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The prevalence and consequences of malnutrition risk in elderly Albanian intensive care unit patients

Authors Shpata V, Ohri I, Nurka T, Prendushi X

Received 5 November 2014

Accepted for publication 19 December 2014

Published 16 February 2015 Volume 2015:10 Pages 481—486


Checked for plagiarism Yes

Review by Single anonymous peer review

Peer reviewer comments 2

Editor who approved publication: Dr Richard Walker

Vjollca Shpata,1 Ilir Ohri,2 Tatjana Nurka,1 Xhensila Prendushi1

1Faculty of Medical Technical Sciences, 2University Hospital Center of Tirana “Mother Theresa”, Faculty of Medicine, University of Medicine in Tirana, Tirana, Albania

Purpose: Many investigators have reported rising numbers of elderly patients admitted to the intensive care units (ICUs). The aim of the study was to estimate the prevalence of malnutrition risk in the ICU by comparing the prevalence of malnutrition between older adults (aged 65 years and above) and adults (aged 18–64 years), and to examine the negative consequences associated with risk of malnutrition in older adults.
Materials and methods: A prospective cohort study in the ICU of the University Hospital Center of Tirana, Albania, was conducted. Logistic regression analysis was used to analyze the effect of malnutrition risk on the length of ICU stay, the duration of being on the ventilator, the total complications, the infectious complications, and the mortality.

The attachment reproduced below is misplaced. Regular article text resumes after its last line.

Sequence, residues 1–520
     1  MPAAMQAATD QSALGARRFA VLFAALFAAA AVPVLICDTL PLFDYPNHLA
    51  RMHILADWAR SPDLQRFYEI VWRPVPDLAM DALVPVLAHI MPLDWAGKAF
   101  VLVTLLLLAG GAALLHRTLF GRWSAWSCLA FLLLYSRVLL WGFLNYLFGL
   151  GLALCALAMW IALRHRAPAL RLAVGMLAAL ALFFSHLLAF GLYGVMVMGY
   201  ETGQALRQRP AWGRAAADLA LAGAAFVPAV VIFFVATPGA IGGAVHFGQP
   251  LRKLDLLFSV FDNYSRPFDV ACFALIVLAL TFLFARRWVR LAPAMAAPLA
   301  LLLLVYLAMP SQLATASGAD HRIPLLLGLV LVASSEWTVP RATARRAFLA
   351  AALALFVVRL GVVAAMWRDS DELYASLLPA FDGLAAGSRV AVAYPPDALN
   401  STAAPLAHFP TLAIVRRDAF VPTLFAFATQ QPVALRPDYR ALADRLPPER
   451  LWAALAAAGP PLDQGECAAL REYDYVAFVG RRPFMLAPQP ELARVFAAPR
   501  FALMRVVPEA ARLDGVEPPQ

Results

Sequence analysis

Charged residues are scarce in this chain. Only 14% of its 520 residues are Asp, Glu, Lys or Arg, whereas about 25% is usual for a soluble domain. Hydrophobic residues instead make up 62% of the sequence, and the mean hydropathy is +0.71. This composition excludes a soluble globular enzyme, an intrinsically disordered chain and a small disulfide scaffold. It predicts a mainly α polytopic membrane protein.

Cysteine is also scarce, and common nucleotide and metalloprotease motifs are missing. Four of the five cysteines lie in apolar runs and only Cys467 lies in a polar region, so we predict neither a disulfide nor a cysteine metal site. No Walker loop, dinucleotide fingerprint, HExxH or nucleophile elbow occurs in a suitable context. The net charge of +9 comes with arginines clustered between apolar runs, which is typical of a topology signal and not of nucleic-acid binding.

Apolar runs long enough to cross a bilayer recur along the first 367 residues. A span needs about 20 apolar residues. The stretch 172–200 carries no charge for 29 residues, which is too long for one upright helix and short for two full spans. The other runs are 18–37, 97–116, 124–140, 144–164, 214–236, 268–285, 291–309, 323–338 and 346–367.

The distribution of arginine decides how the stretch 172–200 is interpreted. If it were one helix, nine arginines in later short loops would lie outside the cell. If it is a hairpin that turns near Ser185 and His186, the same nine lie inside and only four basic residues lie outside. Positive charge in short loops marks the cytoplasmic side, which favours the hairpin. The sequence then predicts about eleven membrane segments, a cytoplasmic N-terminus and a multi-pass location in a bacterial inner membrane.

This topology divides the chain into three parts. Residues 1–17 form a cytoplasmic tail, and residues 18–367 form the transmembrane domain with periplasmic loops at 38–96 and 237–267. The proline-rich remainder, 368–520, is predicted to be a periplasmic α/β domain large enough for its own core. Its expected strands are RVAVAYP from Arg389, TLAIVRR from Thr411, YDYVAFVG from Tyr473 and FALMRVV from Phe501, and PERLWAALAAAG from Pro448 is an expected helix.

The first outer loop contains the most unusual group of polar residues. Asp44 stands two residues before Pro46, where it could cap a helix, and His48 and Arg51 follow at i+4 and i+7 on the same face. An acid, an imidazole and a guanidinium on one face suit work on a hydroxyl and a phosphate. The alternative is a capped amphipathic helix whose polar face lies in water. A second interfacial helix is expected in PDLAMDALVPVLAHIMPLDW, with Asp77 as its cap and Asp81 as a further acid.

Results: In this study, 963 patients participated, of whom 459 patients (47.7%) were aged ≥65 years. The prevalence of malnutrition risk at the time of ICU admission of the patients aged ≥65 years old was 71.24%. Logistic regression adjusted for confounders showed that malnutrition risk was an independent risk factor of poor clinical outcome for elderly ICU patients, for 1) infections (odds ratio [OR] =4.37; 95% confidence interval [CI]: 2.61–7.31); 2) complications (OR =6.73; 95% CI: 4.26–10.62); 3) mortality (OR =2.68; 95% CI: 1.72–4.18); and 4) ICU length of stay >14 days (OR =5.18, 95% CI: 2.43–11.06).
Conclusion: Malnutrition risk is highly prevalent among elderly ICU patients, especially among severely ill patients with malignancy admitted to the emergency ward. ICU elderly patients at malnutrition risk will have higher complication and infection rates, longer duration of ICU stay, and increased mortality. Efforts should be made to implement a variety of nutritional care strategies, to change the nutritional practices not only at ward level, but nationally, according to the best clinical practice and recent guidelines.

Keywords: elderly ICU patients, ICU mortality, morbidity, malnutrition risk

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